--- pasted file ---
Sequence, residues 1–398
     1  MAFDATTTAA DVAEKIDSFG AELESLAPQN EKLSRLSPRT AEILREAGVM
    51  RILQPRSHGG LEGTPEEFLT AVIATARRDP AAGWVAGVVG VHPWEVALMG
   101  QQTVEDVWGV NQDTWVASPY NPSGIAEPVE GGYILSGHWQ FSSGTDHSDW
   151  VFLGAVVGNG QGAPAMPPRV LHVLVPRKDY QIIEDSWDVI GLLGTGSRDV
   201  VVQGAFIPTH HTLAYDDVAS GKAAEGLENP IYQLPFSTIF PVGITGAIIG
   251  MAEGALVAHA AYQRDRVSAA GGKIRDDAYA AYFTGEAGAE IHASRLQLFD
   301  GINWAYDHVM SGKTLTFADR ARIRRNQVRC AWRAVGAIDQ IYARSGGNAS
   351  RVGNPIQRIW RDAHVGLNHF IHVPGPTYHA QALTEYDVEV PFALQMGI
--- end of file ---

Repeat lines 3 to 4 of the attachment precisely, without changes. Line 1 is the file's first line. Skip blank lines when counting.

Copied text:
    51  RILQPRSHGG LEGTPEEFLT AVIATARRDP AAGWVAGVVG VHPWEVALMG
   101  QQTVEDVWGV NQDTWVASPY NPSGIAEPVE GGYILSGHWQ FSSGTDHSDW